6 tips for teaching kids about stranger danger

Children will encounter strangers all throughout their lives. Help them know how to identify safe strangers and keep themselves out of harm's way by teaching about stranger danger.

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  • Children rely on adults to help them with many things. Their innocent trusting nature is sweet, but parents also need to teach children to be safe. Unfortunately, there are people who would harm children if given the chance. It's a tricky balance to help kids understand safety without making them wary of everyone they meet. These six ideas will help you teach your kids how to be safe and happy as they navigate the wide world and people they meet.

  • Defining “Stranger.”

  • The simplest definition of a stranger is “someone you do not know.” Children need to know this definition, but they also need to know about “safe” strangers. Safe strangers are teachers, police officers, firefighters and other adults who work with children. They might know these people only by sight, not personally. Emphasize the importance of seeking help from these safe strangers in public places. It's never a good idea to enter the home of a stranger alone.

  • I try to tell my children who they can ask for help in certain situations. For example, I might say this to my son as I drop him off at soccer practice: “Look for John’s mom if you need anything. Stay by the playground until I can pick you up. I will be here right at 5:30.” Helping your children identify safe strangers gives them an important tool.

  • Stay close in crowds

  • When we are out in a crowded public place, I encourage my children to stay close to me. If my eighth-grade daughter wants to browse in a different part of a store, I send her brother with her or tell her to stay in my sight. Small children like to run and explore. Set clear expectations for staying together, and explain the danger of wandering away. If we have a stroller with us, I ask my 6-year-old to hold on to the handle as we walk. The chance of a child being taken in these situations is slim, but sticking together helps everyone be safe.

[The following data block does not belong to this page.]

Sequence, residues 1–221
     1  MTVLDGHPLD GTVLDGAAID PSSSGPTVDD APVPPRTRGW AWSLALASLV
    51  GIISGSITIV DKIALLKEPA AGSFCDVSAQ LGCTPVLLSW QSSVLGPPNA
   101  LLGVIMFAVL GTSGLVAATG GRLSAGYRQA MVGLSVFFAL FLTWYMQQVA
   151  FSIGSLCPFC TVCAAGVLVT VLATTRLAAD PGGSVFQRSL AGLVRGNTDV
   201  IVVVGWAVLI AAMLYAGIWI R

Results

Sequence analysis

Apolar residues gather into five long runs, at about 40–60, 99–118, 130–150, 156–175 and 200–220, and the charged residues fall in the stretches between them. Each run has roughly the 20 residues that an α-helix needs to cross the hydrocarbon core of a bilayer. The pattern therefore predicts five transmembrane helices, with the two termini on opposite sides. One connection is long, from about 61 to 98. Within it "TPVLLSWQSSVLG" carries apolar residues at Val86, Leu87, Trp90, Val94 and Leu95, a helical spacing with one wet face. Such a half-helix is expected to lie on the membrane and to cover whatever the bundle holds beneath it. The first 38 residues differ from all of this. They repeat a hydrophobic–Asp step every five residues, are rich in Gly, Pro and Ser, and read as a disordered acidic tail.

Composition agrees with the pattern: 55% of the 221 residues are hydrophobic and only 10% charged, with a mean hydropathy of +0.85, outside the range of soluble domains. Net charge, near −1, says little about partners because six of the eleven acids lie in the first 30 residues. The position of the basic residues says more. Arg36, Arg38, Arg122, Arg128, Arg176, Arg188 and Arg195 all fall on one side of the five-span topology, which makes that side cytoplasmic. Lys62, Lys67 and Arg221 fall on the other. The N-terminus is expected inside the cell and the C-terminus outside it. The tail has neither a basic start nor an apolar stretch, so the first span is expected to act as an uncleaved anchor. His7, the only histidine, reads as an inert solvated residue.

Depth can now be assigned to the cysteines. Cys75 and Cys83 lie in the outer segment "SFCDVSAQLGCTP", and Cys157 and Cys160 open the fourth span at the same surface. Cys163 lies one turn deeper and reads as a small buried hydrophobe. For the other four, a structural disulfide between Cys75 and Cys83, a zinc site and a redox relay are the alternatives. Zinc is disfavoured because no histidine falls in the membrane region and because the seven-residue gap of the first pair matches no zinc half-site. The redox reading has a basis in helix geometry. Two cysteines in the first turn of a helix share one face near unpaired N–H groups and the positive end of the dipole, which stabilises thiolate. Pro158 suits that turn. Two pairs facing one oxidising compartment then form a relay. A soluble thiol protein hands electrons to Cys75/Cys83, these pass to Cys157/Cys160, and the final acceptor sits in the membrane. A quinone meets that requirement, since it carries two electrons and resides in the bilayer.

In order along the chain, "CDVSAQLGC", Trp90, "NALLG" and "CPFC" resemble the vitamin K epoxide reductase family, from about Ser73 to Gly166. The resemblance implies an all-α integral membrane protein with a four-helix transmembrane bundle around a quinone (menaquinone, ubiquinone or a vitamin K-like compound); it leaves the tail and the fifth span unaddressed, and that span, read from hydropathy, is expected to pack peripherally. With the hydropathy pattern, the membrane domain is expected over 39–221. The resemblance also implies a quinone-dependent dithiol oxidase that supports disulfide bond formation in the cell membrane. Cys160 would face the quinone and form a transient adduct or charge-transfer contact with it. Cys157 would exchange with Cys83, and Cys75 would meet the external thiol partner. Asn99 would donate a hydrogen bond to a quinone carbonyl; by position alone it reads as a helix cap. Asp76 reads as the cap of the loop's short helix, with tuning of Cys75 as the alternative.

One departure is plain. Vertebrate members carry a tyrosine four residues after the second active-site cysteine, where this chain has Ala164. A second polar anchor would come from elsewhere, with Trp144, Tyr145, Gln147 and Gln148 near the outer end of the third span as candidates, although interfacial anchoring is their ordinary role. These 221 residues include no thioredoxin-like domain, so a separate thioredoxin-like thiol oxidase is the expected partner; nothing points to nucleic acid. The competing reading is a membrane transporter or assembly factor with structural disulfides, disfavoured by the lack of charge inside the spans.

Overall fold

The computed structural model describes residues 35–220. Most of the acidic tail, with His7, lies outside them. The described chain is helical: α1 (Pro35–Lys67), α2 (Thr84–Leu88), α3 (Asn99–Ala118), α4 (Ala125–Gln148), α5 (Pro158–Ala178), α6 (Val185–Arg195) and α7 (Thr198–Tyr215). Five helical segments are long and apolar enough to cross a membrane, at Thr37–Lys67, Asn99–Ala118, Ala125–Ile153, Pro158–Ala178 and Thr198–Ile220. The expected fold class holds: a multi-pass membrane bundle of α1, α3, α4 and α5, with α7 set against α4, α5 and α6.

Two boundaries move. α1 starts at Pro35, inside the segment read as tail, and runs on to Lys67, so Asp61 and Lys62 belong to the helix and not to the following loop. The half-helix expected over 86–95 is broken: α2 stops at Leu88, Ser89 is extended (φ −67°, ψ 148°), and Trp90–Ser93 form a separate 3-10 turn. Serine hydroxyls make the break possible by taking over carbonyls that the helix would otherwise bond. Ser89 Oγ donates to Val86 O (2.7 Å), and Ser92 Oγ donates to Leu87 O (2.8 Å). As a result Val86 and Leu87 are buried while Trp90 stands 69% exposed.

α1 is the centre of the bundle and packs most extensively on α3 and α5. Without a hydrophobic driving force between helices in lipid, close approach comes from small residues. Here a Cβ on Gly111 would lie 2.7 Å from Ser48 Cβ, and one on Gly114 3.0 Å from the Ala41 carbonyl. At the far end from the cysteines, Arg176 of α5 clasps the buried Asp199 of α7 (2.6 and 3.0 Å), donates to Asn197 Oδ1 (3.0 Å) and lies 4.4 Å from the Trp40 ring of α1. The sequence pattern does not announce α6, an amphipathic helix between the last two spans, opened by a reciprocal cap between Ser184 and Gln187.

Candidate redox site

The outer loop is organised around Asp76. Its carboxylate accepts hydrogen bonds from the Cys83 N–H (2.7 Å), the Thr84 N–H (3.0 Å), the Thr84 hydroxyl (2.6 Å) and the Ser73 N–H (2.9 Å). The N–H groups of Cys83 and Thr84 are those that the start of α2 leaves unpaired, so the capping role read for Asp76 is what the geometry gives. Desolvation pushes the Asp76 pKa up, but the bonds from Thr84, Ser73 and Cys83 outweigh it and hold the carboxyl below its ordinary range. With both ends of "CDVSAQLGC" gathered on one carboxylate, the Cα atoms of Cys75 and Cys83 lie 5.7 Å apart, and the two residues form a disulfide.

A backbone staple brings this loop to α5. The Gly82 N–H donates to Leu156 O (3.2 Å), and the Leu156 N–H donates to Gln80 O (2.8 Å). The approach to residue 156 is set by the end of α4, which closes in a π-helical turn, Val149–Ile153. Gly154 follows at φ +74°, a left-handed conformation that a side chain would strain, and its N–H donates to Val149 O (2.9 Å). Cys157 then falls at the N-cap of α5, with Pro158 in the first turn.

• Follow your instincts

  • One of the most important things you can teach your child is to be aware of their feelings about situations and strangers. Teach them to watch out for adults who ask them for help, invite them to come into their home or car, ask them to keep a secret or exhibit other suspicious behavior. By teaching them to follow their gut feelings, you are empowering them to make good decisions. Remind them to tell you if an adult ever makes them feel uncomfortable.

  • Safety in numbers

  • It is much safer for children to be in a group if they are unsupervised by adults. Find a buddy for your child to walk to school with if possible. Don’t send them outside to play or to a park by themselves. Encourage them to watch out for their friends as well. There is safety in numbers.

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  • Follow family rules

  • Good family rules to promote safety include: never accept a ride from a stranger, make sure a parent knows where you are at all times, don’t reveal personal information to strangers (including online) and keep the door locked and don’t answer it if you are home alone. Review these rules periodically so your children are aware of them. Role-playing situations where they might have to make tough decisions will help them internalize your family’s rules for safety.

  • No, Go, Yell, Tell. These four words are part of the National Crime Prevention Council’s advice to parents for teaching children about strangers. This phrase teaches children to yell “No!” if approached by strangers, run away quickly, yell for help and tell a trusted adult what happened. Even young children can learn these four words and what to do.

  • Most children will grow up without having any trouble with strangers, but it’s best to be prepared. Teach your children to be aware of the people around them and follow basic safety rules. Doing this will help them have confidence to know how to keep themselves safe. Start today!

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Amy M. Peterson, a former high school English teacher, currently lives in Oregon with her husband and four children. She spends her days writing, reading, exercising and trying to get her family to eat more vegetables.

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